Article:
Connections Guide

What is a connection?

Connections are the glue that integrates your Gadget app with third-party systems. They can model and extract data from those systems into your Gadget app, allowing you to build reports around that data or react to changes. Connections also allow your app to perform actions on the remote API, such as sending emails with SendGrid or publishing a product on Shopify.

Why should you care about connections?

Although standalone applications can provide utility, most software we build needs to integrate with external systems to provide business value. GitHub integrates with your continuous integration system so that you get feedback on pull requests. Commerce software integrates with warehouse management systems to track inventory.

Second, building a reliable integration is difficult, and quite repetitive. Once you get past properly authenticating your app, there are lots of issues one has to address when talking to the external system. Webhooks are unreliable, so how do I ensure my system always has the most up-to-date data? Similarly, communicating over the network is unreliable, so how do I make actions reliable? How do I respond to specific changes in state? These are just a few of the things one has to manage when building an integration.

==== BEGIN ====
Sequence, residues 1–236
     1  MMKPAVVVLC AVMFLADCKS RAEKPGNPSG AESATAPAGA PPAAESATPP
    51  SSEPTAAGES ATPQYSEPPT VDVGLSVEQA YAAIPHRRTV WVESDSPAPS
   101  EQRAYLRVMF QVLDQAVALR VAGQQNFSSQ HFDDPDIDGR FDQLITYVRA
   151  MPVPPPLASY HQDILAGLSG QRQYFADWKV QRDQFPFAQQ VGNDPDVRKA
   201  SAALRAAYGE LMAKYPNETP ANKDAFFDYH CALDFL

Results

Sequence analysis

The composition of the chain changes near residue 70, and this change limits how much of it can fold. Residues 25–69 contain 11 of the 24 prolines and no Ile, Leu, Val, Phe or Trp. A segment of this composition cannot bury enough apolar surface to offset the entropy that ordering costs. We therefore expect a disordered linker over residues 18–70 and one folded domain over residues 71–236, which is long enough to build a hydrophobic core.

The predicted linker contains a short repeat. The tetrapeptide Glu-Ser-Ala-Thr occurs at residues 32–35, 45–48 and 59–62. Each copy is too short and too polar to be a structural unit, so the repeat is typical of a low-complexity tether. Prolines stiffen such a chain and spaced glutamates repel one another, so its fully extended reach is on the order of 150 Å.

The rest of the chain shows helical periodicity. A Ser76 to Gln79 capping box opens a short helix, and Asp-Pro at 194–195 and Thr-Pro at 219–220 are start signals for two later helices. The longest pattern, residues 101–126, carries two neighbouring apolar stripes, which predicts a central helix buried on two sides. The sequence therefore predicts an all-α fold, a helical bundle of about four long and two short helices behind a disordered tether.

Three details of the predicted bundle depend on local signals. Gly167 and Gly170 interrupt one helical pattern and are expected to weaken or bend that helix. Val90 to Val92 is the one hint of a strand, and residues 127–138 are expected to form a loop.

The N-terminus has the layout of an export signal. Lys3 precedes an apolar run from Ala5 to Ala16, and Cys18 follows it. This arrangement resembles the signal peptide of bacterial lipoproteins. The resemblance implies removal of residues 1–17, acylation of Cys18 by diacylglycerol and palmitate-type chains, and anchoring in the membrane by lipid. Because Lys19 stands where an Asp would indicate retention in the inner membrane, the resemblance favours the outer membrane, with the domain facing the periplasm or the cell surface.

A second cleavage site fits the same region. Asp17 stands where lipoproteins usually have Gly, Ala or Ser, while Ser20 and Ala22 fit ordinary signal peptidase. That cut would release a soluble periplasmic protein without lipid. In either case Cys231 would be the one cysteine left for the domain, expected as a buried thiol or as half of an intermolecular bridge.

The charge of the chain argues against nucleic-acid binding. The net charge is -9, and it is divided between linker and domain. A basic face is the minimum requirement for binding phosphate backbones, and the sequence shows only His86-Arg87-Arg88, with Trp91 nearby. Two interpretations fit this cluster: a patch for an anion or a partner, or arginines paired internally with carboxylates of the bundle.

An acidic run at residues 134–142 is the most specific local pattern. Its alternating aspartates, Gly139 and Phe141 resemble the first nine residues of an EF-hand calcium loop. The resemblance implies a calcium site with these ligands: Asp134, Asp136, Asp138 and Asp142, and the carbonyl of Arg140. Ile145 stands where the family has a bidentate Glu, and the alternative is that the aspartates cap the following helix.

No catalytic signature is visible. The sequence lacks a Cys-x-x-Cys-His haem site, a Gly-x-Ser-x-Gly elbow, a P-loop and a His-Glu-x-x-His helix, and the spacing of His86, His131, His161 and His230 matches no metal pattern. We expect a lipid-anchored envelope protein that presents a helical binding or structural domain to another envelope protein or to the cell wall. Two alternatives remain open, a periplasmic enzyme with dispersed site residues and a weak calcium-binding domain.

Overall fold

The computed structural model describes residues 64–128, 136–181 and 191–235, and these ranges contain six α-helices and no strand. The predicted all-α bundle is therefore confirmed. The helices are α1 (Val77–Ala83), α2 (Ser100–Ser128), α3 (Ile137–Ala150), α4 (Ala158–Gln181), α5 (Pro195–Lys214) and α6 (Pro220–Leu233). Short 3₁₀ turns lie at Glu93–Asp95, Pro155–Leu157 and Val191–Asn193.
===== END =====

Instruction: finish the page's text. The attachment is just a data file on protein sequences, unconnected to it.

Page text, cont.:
Finally, some remote APIs can be difficult to model. For example, Shopify products have many variants as child resources. If you want to model products and product variants separately in your app, you also need to deal with the fact that a product variant being deleted results in a product update payload, with a variants list containing all variants except the one that was deleted.

What do connections provide?

Gadget connections provide all the things you need to reliably integrate with external systems. There are three major types of things you get when installing a connection on your Gadget app:

  1. Data modeling: Gadget will provide models with some connections, and ensure these models are kept up to date with the remote system, through webhooks and background data synchronization.
  2. Effects: For third-party systems which provide APIs that allow you to run actions on remote systems, such as sending an email, Gadget will provide effects that allow you to easily perform those actions.
  3. Client: When Gadget doesn’t do exactly what you need, an authenticated client is available for your custom code effects to use.